[Read more session reports from the WSIS Forum 2018]
This session, moderated by Mr Simão Campos, counsellor of the Study Group 16 of the International Telecommunication Union Telecommunication Standardization Sector (ITU-T), shed light on the World Health Organization (WHO) and ITU partnership for the ‘Make Listening Safe’ initiative.
Ms Shelly Chadha, technical officer at WHO Prevention of Deafness and Hearing Loss, explained the reasons behind hearing loss and shared safe listening practices. Chadha emphasised that, by 2050, nearly one out of every 10 people will experience disabling hearing loss. The factors include certain infections, genetic predispositions and, more importantly, exposure to noise across the course of one's life. Noise-induced hearing loss is the second most common risk factor encountered in the workplace. Chadha provided best practices such as reducing volume and limiting the amount of time spent listening to loud sounds. She also stressed the use of noise-cancelling earphones and apps which assess sound levels, both on the device and in the environment. Chadha explained how the WHO initiative – Make Listening Safe – draws attention to the rising problem of noise-induced hearing loss and partners with the ITU to bring together governments, health professionals, academia, and industry to discuss how ICTs can help make listening safe. Expected outcomes include policy briefs, international standards, and awareness campaigns.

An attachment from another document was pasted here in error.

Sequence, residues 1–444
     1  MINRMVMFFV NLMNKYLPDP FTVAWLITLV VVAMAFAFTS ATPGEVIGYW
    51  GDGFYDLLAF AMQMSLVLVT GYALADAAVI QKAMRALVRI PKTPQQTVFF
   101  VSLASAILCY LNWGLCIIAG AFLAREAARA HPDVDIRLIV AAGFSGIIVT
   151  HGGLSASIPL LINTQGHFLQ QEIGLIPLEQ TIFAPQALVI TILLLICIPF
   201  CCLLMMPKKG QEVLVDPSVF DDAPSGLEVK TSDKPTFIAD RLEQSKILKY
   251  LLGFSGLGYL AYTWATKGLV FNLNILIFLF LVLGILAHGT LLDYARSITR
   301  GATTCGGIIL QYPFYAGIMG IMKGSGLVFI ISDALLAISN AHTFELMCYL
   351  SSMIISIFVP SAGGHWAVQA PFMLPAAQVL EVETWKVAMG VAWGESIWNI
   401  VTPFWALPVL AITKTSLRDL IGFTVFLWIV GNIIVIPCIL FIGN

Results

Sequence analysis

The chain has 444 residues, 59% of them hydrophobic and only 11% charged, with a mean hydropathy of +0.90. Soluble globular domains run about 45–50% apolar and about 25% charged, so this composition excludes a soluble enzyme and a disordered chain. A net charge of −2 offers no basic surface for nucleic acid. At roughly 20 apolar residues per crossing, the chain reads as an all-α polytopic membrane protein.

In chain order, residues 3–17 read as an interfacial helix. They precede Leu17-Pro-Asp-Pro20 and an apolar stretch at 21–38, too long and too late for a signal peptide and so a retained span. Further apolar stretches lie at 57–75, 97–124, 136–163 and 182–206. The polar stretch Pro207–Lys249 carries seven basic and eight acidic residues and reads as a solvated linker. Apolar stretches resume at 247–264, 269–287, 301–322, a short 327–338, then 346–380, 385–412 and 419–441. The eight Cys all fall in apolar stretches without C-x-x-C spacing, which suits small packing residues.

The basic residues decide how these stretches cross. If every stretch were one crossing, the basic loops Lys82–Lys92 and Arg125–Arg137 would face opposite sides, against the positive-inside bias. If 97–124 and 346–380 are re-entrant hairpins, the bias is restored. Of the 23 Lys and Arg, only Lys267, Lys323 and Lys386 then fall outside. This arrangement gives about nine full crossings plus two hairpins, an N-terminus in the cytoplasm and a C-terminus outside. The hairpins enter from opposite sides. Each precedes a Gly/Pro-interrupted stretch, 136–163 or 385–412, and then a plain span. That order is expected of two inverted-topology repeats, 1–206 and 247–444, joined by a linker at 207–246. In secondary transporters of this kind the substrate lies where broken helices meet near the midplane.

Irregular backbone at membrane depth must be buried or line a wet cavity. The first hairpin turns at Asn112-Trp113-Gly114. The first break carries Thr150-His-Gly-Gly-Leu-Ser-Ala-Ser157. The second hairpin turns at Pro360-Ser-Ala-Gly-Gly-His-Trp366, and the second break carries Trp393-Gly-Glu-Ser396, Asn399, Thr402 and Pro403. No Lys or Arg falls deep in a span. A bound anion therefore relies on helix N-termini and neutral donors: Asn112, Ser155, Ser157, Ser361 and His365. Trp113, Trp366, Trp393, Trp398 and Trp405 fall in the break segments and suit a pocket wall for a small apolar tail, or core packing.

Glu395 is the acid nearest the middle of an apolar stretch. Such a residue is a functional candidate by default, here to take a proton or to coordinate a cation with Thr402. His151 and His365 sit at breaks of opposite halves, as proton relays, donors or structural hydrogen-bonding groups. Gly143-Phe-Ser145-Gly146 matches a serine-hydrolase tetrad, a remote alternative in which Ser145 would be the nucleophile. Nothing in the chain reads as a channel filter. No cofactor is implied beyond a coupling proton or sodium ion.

Chadha clarified that, through this partnership with the ITU, WHO aims to:
Chadha concluded that technologies such as smartphones are part of the challenge and can be a causative factor in hearing loss but can also be part of the solution by making them compatible with risk reduction rather than risk augmentation.
Mr Masahito Kawamori, rapporteur of Question 28 of ITU-T Study Group 16, dealt with safe listening standards for personal audio systems. Kawamori focused on what he called ‘dosimetry’, the measurement of ‘sound dose’, and argued that there should be stricter requirements especially for young children as compared to adults. He highlighted the importance of health communication, as it includes risk information on hearing loss, usage information to make personal listening profiles through a dosimeter, and concrete recommendations for safe listening.
By Ines Hfaiedh